‘At Least During the Internment …’ Are Words I Thought I’d Never Utter
I was sent to a camp at just 5 years old — but even then, they didn't separate children from families.
Imagine this scene: Tens of thousands of people, mostly families with children, are labeled by the government as a threat to our nation, used as political tools by opportunistic politicians, and caught in a vast gray zone where their civil and human rights are erased by the presumption of universal guilt. Thousands are moved around to makeshift detention centers and sites, where camps are thrown together with more regard to the bottom line than the humanity of the new residents.
That is America today, at our southern border, which asylum-seekers and undocumented migrants alike are seeking to cross. But it is also America in late 1941, in the aftermath of Pearl Harbor, when overnight my community, my family, and I became the enemy because we happened to look like those who had dropped the bombs. And yet, in one core, horrifying way this is worse. At least during the internment of Japanese-Americans, I and other children were not stripped from our parents. We were not pulled screaming from our mothers’ arms. We were not left to change the diapers of younger children by ourselves.
Photos of children in cages and camps today so strongly evoke the wartime past that former First Lady Laura Bush drew a stark parallel in an op-ed in the Washington Post. “These images are eerily reminiscent of the Japanese American internment camps of World War II, now considered to have been one of the most shameful episodes in U.S. history,” Bush wrote. She reminded us that there are dark consequences to such camps for their residents: “This treatment inflicts trauma; interned Japanese have been two times as likely to suffer cardiovascular disease or die prematurely than those who were not interned.”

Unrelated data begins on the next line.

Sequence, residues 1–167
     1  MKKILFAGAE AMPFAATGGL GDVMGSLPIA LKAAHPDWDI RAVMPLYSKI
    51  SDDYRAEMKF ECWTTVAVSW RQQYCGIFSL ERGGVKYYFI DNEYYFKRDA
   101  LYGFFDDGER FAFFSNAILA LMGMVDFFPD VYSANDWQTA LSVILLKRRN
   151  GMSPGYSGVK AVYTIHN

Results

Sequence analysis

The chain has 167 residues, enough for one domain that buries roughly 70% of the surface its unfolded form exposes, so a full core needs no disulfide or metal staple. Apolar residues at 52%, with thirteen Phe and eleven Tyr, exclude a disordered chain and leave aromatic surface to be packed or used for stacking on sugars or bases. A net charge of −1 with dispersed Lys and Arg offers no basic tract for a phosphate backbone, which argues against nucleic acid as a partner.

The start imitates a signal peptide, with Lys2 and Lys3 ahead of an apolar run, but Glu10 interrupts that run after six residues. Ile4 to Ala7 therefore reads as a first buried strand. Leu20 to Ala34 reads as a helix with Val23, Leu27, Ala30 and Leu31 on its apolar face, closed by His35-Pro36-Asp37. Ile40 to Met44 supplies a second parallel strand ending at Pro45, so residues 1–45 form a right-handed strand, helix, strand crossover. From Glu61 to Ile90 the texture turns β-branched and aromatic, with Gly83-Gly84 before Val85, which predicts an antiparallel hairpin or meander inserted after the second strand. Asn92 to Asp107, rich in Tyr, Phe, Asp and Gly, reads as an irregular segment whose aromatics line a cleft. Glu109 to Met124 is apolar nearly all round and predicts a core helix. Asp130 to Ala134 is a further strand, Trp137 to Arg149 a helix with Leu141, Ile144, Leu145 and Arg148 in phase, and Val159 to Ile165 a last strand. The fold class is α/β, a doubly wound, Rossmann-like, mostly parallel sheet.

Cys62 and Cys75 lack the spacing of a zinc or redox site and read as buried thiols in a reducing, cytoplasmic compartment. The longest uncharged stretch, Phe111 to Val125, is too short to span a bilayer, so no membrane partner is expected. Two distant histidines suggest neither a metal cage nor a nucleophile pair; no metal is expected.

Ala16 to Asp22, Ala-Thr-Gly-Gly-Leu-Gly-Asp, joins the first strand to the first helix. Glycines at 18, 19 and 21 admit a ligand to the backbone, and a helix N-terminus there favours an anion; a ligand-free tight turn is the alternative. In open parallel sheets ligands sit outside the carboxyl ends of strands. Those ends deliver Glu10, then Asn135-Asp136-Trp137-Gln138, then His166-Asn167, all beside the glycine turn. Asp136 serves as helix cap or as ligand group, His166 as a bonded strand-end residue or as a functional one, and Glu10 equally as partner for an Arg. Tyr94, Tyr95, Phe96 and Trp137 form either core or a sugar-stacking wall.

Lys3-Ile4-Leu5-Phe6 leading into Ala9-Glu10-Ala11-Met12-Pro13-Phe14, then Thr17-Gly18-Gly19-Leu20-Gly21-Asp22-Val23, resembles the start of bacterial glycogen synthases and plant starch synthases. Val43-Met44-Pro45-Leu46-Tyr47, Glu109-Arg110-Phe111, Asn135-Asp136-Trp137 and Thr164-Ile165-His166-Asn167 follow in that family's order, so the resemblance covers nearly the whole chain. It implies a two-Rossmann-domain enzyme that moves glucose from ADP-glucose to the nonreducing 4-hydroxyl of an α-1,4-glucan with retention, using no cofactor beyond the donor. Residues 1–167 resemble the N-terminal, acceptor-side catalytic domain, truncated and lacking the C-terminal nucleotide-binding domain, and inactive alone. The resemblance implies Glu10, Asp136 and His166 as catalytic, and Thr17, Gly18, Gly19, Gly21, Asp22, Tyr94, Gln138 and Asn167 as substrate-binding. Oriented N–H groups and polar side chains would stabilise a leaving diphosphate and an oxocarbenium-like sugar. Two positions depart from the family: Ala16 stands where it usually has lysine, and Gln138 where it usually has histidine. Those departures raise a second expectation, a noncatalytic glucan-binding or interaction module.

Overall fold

When a government acts capriciously, especially against a powerless and much-reviled group, it is hard to describe the terror and anxiety. There is nowhere to turn, because the only people with the power to help have trained their guns and dogs upon you. You are without rights, held without charge or trial. The world is upside down, information-less, and indifferent or even hostile to your plight.
And yet, with hideous irony, I can still say, “At least during the internment …”
At least during the internment, when I was just 5 years old, I was not taken from my parents. My family was sent to a racetrack for several weeks to live in a horse stall, but at least we had each other. At least during the internment, my parents were able to place themselves between the horror of what we were facing and my own childish understanding of our circumstances. They told us we were “going on a vacation to live with the horsies.” And when we got to Rohwer camp, they again put themselves between us and the horror, so that we would never fully appreciate the grim reality of the mosquito-infested swamp into which we had been thrown. At least during the internment, we remained a family, and I credit that alone for keeping the scars of our unjust imprisonment from deepening on my soul.
I cannot for a moment imagine what my childhood would have been like had I been thrown into a camp without my parents. That this is happening today fills me with both rage and grief: rage toward a failed political leadership who appear to have lost even their most basic humanity, and a profound grief for the families affected.
How do political leaders convince themselves of the virtues of such a policy? History shows it doesn’t take much. After Japan dropped its bombs, the political scapegoats were obvious. As America geared up for war, the administration needed some way to show that it was being tough on Japan, as it had little military success at the early going to trot out. Being tough on Japan easily translated into being tough on the Japanese here in America. No matter that most of us weren’t even Japanese nationals; nearly two-thirds of those imprisoned were U.S. citizens, after all. But as the Wartime Relocation Authority made clear, “a Jap is a Jap.” That was their own “zero-tolerance” policy.